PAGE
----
1. When they file a claim with the insurance company, it Then falls under the state insurance commissioner. If you make a claim and there’s no damage, that’s fraud.

      1. Then you should file a complaint with the local District Attorneys office with the consumer fraud division.  If Enterprise files a fraudulent claim then the parties are plaintiff-consumer and defendant-Enterprise.  No insurance company is a party to the transaction and thus the Department of Insurance has no jurisdiction.

    2. A favorite trick of the car rental companies is to charge for loss of use while the car is in the shop being repaired. If they had charged the OP for this, then proof of actual repairs becomes an important issue.

  2. Why does it not surprise me that when the title talked about damage on a rental car, the company involved is Enterprise (or it’s subsidiary company National)?

  3. “He noticed a light scratch on the rear bumper”

    As usual, these cases seem to depend on the whim of the location and the employees involved.

    My usual Enterprise location has stressed to me several times that they are looking for large or long scratches. Not to mention, they have also said that they’re not as concerned about the back bumper, because they realize the regular wear and tear that will be caused to that area by luggage. Not only that, but they tend to spend more time going over the car on check in compared to check out – if the damage isn’t obvious upon return, then there’s no problem. They’re not on hands and knees looking for a reason to start a claim.

    This one doesn’t say exactly where on the bumper the scratch was located, but it seems to morph from a ‘light’ scratch to a ‘long’ scratch. Either way, this one sounds like overkill, an attempt to wring money out of the customer, and I’m glad the customer was able to get it dropped. But it shouldn’t have taken Christopher’s assistance to make that happen.

  4. I wonder how many times the insurance companies are charging for the same damage?  That would be profitable, never repaor the damage.

  5. Enterprise definitely views these situations as a profit center. I had a somewhat similar situation with them in PVD and it took months to sort out, mainly because Enterprise kept lying and basically dared me to do anything about it. They are the least ethical car rental company out there (and that’s saying a lot), and I will not rent a car from them ever again.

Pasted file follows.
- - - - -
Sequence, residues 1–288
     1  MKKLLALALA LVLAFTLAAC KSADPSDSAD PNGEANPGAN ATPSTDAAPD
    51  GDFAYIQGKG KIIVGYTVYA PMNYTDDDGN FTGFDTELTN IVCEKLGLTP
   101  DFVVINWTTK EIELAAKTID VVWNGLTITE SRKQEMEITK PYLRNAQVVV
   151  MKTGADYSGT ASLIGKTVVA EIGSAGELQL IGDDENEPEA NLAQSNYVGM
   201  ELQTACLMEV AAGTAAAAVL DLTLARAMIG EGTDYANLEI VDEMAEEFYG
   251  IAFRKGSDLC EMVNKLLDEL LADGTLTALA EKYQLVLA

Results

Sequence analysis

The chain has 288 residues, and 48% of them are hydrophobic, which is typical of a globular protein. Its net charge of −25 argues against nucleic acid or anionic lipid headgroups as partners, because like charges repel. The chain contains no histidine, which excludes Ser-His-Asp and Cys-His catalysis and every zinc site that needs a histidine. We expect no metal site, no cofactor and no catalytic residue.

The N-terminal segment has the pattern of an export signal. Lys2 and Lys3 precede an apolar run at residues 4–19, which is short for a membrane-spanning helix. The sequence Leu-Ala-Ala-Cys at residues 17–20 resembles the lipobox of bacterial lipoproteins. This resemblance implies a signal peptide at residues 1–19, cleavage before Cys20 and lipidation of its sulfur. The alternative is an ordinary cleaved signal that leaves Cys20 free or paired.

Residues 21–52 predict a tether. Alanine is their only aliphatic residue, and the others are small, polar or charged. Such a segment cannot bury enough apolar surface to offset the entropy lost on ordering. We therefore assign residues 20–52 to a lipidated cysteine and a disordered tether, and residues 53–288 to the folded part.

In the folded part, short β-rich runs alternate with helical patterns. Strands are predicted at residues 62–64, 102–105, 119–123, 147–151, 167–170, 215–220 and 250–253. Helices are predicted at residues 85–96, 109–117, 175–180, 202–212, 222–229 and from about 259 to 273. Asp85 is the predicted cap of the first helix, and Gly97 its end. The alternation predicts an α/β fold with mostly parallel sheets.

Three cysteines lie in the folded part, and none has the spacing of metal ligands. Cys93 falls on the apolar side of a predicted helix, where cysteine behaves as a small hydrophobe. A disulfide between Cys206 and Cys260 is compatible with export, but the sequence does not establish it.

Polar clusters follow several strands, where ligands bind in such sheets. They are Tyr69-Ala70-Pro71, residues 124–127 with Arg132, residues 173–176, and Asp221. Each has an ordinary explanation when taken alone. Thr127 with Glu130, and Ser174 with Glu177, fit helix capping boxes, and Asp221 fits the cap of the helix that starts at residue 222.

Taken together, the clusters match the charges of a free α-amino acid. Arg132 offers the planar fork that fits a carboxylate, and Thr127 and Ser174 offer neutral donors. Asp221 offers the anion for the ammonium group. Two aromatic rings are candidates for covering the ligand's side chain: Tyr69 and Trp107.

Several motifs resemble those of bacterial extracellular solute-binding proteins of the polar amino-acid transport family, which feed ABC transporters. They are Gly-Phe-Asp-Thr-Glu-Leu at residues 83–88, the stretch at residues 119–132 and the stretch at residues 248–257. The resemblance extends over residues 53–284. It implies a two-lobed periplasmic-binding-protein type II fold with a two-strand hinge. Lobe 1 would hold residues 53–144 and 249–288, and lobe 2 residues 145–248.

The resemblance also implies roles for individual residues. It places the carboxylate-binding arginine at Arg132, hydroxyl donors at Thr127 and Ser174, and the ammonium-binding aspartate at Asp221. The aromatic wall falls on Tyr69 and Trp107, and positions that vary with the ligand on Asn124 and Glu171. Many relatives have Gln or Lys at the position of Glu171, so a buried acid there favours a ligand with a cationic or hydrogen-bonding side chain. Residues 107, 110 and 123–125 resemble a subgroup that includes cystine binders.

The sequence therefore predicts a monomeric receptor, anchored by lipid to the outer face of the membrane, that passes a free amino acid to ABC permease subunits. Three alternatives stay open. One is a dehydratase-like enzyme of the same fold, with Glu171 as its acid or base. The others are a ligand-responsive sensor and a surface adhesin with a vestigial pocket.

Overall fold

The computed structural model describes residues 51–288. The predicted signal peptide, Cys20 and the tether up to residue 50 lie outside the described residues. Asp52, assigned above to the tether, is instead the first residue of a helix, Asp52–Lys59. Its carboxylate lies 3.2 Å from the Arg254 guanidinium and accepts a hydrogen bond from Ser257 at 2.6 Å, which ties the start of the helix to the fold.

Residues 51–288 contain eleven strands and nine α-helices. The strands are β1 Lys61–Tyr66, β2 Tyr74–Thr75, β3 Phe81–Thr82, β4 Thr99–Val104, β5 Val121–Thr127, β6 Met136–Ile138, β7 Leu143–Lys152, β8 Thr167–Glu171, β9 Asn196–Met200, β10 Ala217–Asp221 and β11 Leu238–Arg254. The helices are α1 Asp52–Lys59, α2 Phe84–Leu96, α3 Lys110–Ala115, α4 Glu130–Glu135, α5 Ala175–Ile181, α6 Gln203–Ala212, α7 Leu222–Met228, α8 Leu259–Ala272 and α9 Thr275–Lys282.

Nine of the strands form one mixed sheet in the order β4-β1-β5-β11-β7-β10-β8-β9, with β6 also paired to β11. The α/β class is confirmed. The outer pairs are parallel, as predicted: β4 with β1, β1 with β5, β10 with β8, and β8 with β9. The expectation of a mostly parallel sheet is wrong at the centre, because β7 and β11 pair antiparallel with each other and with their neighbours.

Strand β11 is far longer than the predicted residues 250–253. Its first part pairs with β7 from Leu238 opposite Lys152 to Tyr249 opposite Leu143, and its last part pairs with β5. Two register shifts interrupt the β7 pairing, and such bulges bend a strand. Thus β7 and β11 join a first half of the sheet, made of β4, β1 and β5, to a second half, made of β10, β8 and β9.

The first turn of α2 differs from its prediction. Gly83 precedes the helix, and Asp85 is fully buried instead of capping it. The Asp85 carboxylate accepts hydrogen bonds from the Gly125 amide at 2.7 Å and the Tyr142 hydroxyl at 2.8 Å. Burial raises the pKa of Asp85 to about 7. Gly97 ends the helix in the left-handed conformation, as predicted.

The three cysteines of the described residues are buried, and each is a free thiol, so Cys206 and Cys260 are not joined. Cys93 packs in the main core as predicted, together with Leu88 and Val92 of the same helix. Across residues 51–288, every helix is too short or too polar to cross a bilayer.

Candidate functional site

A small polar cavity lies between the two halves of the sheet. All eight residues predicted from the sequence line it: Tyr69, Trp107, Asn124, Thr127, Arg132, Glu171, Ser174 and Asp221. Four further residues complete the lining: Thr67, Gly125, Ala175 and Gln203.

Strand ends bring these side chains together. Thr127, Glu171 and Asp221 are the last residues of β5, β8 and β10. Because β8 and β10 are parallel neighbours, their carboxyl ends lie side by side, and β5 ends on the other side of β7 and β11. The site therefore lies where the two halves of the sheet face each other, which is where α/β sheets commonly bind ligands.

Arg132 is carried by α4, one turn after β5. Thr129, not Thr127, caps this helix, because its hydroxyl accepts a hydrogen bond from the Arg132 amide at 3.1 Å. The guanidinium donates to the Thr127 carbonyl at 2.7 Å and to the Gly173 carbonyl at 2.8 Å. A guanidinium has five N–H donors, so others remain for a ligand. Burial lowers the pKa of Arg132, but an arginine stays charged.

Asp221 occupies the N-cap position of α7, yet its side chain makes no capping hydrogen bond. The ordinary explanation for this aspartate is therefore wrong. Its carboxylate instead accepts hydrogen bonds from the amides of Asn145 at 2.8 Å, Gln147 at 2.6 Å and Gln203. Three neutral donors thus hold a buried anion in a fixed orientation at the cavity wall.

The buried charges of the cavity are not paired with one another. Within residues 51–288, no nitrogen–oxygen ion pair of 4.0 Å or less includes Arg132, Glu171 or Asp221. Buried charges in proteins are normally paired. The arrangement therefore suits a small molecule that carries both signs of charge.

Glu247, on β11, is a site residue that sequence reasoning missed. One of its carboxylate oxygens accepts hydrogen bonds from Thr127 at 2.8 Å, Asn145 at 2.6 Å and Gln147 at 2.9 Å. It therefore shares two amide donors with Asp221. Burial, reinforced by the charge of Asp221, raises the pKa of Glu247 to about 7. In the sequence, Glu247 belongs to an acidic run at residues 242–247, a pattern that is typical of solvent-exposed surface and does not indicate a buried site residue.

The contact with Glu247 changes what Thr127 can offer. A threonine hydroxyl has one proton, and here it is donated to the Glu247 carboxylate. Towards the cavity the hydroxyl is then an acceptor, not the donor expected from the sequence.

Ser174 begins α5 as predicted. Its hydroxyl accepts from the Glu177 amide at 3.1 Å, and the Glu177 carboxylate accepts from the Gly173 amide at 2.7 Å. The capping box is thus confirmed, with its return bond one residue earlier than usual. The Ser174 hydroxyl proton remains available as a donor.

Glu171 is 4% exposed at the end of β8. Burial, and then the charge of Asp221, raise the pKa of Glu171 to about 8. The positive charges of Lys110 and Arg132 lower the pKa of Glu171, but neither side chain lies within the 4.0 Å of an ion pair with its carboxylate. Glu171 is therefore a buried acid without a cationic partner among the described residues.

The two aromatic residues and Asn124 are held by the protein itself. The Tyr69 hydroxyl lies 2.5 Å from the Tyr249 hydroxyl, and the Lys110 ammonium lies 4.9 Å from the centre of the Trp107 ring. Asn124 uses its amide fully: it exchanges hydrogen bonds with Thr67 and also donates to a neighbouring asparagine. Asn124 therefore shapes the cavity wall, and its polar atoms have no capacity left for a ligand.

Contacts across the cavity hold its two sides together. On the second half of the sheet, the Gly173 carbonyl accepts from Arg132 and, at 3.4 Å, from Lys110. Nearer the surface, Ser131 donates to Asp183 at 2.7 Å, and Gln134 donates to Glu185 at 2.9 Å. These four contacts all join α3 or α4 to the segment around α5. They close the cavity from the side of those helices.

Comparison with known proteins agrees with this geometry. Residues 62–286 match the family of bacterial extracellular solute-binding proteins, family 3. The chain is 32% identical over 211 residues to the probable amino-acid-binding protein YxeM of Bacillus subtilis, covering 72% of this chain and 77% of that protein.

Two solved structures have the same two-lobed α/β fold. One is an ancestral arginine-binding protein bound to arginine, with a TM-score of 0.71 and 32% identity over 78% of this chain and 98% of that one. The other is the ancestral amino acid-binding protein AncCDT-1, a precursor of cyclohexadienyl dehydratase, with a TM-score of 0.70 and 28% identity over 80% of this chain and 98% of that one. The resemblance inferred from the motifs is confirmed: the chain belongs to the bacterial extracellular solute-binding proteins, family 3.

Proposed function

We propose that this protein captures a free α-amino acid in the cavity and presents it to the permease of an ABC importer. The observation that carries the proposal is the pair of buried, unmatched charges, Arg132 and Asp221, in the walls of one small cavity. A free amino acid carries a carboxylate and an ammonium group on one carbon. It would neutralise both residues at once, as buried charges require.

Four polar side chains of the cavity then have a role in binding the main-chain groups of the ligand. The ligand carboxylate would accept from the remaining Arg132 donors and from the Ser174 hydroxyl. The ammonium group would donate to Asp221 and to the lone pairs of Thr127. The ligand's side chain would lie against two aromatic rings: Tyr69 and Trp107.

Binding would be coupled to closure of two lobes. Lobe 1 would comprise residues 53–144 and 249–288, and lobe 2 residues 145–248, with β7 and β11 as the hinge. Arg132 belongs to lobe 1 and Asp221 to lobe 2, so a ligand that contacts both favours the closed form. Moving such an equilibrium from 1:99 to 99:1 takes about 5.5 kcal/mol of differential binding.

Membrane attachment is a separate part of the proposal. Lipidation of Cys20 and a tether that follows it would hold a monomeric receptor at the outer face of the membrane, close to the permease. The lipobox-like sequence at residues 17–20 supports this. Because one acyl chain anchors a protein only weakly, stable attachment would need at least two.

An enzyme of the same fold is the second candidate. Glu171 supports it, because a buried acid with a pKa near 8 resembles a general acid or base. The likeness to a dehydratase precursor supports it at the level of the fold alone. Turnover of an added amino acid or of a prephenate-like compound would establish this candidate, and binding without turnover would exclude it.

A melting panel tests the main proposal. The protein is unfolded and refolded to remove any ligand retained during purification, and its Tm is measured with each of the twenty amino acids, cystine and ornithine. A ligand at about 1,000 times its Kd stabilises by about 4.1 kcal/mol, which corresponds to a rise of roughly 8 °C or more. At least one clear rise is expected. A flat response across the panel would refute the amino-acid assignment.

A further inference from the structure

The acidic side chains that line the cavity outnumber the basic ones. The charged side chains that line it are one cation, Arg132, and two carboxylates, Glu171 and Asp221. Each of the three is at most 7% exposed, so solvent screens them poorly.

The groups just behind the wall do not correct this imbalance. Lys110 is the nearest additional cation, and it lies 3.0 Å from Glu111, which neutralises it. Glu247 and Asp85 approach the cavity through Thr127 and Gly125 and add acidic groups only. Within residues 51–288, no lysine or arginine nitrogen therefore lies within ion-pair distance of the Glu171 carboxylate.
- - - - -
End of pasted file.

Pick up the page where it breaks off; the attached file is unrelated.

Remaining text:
6. ask to see proof of the claim.   Not your form – if you have a damage report with a scratch on the rear bumper and they file a claim for damage at the rear bumper in the same general area its gonna be pretty hard to prove you are responsible for it . . .

    Look folks – you are not required to sign anything once you sign for the car – where you just trying to be nice here?  why would you sign you did not read since you have no clue as to what you signed?   I get forms from doctors and others all the time asking me for my social security number and drivers license number . . .why do they need that information? 

    I went to a dermatologist for my son and they had a liability waiver form and an arbitration agreement in their packet – I did not sign it.  Why would I?  I handed it back and they took it – and guess what?  They saw my son.  nice try – but thats all it is – a nice try.

    Rule #1 – if you don’t know what you are signing – then don’t sign it.  Whats the worst that can happen in this situation?  You are bringing the car BACK?  Right? 

      1. I had a doctor who did that with a client. . . . In the deposition I put the doc up on a pedestal – trusted member of the community, looks out for his patients, Hippocratic oath, nice guy, always responsible for his patients, was their medical fiduciary.  Next question, and the docs lawyer saw it coming, was: “did you point out to your patient, the person you have agreed you need to look out for, that they were giving important legal rights when you presented them these ‘routine’ papers?  Jaw drops.  “well, I have no dealings with the paperwork.” 

        So, doc, that means you disavow them then, you never approved them and never agreed to them in your files?  It was just something the office manager did without your consent? 

        The objection to a court filing, the motion to refer to arbitration and the defense of waiver and release vanished shortly thereafter.  The loss of rights claims  / breach of fiduciary duty claim was looking to be worth more than the claim I was bringing . . . 

        Life teaches you, sooner or later – to not overreach.  If you over reach and try to get more than the facts allow – you end with the Casey Anthony jury verdict.  My old and wise Sicilian grandfather told me that. in any deal, there are always people better than you, leave something on the table for the next guy so there is grease for the wheel – meaning, don’t over reach for more than you can get. . .